Postmodernism and Liberal Accompaniment: A Review of David North’s “The Frankfurt School, Postmodernism and the Politics of the Pseudo-Left: A Marxist Critique”

It is commonplace for many to associate postmodernism with being far-left, and, indeed, part of the Marxist and socialist tradition. We have already explored how social democracy and even democratic socialism are not, by classical and orthodox Marxist standards, part of the Marxist or socialist tradition. Rather, the Second International condemned social democracy and democratic … Continue reading Postmodernism and Liberal Accompaniment: A Review of David North’s “The Frankfurt School, Postmodernism and the Politics of the Pseudo-Left: A Marxist Critique”

Introduction to Political Aesthetics

Political aesthetics has been an important topic of political philosophy ever since the publication of Edmund Burke’s Reflections on the Revolution in France. For Burke’s critics, his sudden criticism of the French Revolution was shocking if not an act of apostasy given his previous support for the American Revolution. For Burke and his defenders, both … Continue reading Introduction to Political Aesthetics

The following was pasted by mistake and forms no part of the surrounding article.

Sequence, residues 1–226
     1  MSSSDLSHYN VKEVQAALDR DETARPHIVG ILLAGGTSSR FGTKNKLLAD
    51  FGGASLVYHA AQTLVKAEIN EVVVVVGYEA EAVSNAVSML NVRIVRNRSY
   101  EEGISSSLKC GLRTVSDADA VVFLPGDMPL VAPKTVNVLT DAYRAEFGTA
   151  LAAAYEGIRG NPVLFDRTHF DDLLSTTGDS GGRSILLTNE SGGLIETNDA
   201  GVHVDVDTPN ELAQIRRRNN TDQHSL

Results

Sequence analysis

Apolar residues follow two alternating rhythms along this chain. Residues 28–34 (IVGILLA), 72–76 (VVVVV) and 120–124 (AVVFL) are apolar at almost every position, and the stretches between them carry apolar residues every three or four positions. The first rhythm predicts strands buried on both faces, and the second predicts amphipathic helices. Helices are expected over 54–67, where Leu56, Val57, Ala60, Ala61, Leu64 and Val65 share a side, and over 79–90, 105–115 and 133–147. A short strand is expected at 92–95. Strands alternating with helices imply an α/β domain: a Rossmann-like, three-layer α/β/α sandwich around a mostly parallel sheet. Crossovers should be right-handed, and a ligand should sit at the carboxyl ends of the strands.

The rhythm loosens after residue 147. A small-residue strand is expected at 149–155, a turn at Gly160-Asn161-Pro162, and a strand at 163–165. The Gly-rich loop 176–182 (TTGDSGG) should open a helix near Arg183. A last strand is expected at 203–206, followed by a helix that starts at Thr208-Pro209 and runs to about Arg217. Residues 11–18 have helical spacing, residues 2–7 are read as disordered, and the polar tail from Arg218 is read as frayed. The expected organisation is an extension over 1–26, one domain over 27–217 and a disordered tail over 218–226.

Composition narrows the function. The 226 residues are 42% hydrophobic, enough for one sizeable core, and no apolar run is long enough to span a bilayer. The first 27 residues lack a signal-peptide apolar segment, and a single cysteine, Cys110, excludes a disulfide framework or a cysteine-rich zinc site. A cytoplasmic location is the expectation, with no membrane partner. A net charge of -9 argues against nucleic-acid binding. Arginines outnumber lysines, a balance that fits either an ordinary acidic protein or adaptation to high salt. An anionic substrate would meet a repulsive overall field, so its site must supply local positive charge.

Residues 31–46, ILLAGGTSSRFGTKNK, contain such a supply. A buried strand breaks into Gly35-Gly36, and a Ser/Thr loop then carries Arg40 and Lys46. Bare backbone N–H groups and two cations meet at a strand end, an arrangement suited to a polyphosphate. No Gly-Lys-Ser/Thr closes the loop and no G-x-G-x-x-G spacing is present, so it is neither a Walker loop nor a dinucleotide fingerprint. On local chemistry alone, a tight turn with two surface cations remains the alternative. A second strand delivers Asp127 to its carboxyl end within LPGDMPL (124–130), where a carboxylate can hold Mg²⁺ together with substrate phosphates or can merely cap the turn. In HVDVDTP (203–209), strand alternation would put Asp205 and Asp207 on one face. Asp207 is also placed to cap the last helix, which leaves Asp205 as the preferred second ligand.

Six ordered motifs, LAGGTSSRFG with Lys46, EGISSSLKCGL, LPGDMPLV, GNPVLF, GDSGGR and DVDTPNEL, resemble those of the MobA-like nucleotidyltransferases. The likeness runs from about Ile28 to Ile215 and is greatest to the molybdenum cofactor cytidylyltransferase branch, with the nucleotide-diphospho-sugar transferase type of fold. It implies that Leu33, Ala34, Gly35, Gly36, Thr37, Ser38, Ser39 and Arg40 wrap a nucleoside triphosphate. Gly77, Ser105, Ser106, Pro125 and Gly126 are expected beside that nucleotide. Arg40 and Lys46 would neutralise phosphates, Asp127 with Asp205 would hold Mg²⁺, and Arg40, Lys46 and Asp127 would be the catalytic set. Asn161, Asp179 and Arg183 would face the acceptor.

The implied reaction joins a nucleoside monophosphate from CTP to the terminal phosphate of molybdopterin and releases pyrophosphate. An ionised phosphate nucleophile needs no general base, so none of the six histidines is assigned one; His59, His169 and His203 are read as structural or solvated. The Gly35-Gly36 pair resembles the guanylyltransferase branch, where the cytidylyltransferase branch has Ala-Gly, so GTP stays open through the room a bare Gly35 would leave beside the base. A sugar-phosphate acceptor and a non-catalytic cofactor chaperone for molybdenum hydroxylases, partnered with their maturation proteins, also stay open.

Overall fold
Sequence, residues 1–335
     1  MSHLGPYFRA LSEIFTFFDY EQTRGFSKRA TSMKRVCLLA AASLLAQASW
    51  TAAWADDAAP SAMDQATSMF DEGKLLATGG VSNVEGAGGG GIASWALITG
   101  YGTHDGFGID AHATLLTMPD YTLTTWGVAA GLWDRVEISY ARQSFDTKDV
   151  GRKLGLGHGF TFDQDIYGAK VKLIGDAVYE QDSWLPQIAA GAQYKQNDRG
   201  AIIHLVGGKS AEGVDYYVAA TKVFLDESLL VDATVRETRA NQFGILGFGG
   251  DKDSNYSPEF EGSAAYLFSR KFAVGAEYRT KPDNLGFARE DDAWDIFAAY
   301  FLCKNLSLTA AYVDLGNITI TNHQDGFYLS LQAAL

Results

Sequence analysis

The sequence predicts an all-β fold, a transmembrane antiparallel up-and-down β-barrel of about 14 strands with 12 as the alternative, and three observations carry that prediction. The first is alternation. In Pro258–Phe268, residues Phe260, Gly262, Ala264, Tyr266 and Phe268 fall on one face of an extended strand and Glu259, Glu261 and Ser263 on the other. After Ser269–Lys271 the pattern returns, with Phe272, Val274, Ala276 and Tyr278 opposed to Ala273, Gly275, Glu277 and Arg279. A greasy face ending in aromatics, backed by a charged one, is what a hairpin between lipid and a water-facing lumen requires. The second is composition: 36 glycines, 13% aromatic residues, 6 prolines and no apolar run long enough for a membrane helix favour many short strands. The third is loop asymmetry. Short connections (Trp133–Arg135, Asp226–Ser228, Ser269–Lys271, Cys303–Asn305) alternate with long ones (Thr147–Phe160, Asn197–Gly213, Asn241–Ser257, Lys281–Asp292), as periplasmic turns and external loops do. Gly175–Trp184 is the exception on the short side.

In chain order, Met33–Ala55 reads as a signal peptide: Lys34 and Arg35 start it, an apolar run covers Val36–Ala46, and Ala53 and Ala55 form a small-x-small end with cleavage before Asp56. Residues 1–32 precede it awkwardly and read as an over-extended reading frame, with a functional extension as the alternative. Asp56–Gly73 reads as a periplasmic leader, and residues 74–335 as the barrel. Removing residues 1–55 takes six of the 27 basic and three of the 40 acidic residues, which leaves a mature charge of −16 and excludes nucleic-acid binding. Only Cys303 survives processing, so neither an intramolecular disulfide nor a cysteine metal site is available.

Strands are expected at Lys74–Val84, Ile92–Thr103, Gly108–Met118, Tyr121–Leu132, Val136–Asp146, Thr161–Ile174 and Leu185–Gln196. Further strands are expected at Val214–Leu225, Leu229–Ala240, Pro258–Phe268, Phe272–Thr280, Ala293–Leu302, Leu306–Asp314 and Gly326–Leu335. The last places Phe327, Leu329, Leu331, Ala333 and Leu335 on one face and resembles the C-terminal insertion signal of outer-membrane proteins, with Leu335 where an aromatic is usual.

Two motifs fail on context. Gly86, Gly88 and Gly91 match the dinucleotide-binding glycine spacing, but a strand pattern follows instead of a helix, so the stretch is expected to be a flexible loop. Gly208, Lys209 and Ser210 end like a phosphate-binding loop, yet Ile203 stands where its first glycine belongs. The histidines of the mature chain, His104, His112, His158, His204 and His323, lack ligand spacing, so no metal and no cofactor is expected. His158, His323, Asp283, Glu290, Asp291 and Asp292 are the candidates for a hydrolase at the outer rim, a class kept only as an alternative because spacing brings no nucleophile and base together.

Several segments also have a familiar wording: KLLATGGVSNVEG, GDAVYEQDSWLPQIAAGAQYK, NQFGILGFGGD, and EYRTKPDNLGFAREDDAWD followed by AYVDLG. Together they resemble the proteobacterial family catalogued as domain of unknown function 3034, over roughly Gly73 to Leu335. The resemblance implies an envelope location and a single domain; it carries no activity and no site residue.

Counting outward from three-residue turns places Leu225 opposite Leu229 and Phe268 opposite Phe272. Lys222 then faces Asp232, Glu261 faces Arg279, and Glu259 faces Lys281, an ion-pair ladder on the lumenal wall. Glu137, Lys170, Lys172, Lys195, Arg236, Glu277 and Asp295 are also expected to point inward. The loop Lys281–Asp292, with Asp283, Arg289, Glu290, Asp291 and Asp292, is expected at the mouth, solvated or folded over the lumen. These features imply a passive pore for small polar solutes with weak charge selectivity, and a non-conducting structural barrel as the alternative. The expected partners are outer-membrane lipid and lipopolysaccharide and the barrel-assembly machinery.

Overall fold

Athens, Jerusalem, and Leftwing Politics

Leo Strauss was famous for his reading of Western culture, history, and politics as a division between Athens and Jerusalem. Borrowing from the Christian philosopher and theologian Tertullian, who famously bemused “What has Athens got to do with Jerusalem?”, Strauss recontextualized the question and thesis of Tertullian as one of oppositional antagonism which, nevertheless, is … Continue reading Athens, Jerusalem, and Leftwing Politics